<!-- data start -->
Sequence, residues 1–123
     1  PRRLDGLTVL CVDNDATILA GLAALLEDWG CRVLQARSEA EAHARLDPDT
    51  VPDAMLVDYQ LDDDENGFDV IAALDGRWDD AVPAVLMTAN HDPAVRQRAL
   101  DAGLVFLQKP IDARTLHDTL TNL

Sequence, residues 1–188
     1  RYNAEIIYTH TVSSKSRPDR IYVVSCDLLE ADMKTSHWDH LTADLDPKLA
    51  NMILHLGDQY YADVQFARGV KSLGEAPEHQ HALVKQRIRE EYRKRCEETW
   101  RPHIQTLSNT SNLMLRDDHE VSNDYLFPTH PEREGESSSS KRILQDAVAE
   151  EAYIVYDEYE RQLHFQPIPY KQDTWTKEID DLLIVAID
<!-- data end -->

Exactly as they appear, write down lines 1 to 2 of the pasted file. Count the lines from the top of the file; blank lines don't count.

Sequence, residues 1–123
     1  PRRLDGLTVL CVDNDATILA GLAALLEDWG CRVLQARSEA EAHARLDPDT